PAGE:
BC budget has little for forest workers -steelworkers

    BURNABY, BC, Feb. 17 /CNW/ - United Steelworkers (USW) Western Canada
Director Stephen Hunt says there is nothing in the BC budget for the thousands
of forest workers who have no jobs or whose livelihoods are threatened.
    "There is clearly a crisis, acknowledged in the dramatic decline of
forest revenues in the budget predictions," said Hunt. "But the government is
still not taking action to assist workers, re-tool the wood manufacturing
industry or properly reforest areas devastated by the mountain pine beetle."
    Hunt said the budget does not include any significant programs to help
extend Employment Insurance (EI) for forest workers; does not earmark any new
money for training and worker adjustment; and makes no mention of a strategy
for aggressive and enhanced silviculture and reforestation to deal with the
mountain pine beetle epidemic and other forest health needs.
    Last week, the USW joined with the Communications, Energy and
Paperworkers Union (CEP) and the BC Federation of Labour to call for immediate
action to address the crisis in the forest industry and forest-dependent
communities. Layoffs in the BC industry have exceeded 20,000 workers, while
some 54 wood processing mills have permanently closed since 2001.
    In a letter to BC Premier Gordon Campbell, the unions called for a
provincial extension of EI to address thousands of forest workers facing
exhaustion of EI coverage; the building of an effective forest worker training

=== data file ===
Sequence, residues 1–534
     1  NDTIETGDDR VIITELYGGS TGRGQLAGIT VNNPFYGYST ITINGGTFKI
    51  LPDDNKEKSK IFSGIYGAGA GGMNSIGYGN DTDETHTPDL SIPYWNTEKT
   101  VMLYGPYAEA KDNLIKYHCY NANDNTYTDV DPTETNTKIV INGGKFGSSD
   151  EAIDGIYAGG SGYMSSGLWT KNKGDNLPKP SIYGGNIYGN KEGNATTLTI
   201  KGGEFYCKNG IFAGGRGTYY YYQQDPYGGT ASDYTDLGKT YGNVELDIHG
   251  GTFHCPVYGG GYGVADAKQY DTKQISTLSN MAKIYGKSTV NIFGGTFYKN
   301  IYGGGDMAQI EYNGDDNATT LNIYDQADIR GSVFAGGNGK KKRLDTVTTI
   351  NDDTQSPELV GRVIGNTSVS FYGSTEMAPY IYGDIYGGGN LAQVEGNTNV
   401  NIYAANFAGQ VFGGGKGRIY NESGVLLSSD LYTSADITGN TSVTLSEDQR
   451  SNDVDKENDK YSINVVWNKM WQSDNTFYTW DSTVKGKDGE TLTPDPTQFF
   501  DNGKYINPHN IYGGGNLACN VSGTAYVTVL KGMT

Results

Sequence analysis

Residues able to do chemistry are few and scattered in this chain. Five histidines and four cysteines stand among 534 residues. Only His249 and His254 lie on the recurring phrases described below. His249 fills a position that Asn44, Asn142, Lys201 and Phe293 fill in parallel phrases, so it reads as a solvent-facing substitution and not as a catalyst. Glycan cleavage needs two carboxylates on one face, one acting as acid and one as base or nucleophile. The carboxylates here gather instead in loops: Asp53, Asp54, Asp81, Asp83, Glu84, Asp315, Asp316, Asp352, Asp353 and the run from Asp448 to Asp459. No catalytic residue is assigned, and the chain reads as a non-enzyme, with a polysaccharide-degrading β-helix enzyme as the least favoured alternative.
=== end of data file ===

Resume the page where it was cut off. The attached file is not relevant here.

program to provide up to two years of income replacement and tuition for
skills upgrading that will help workers remain in the industry and in their
communities; a silviculture and reforestation plan that will employ laid-off
forest workers and invest in the long-term health and sustainability of BC's
forests; and the provision of direct financial assistance to resource-based
communities to participate in infrastructure programs offered by senior levels
of government.
    "Instead of new programs or new ideas to stimulate the economy and
revitalize one industry, the government talks about the Community Development
Trust (CDT), which is federal government money that has already been announced
and re-announced," said Hunt.
    The Minister of Finance indicated the possibility of $30-million for
"CDT-like" programs, to hopefully be matched by the federal government, but
indicated it would be extended to "other resource industries" beyond the
forest sector.
    "The CDT has done little to assist our members who are running out of EI
and being forced to leave their communities to find meaningful work. Vague
promises from the minister don't give much hope to the thousands of forest
workers who were looking for much more from this government during this
unprecedented crisis," said Hunt.

    Canada's most diverse union, the USW represents 250,000 men and women
working in every sector of the economy.

For further information:

For further information: Stephen Hunt, (604) 683-1117; (604) 816-2554

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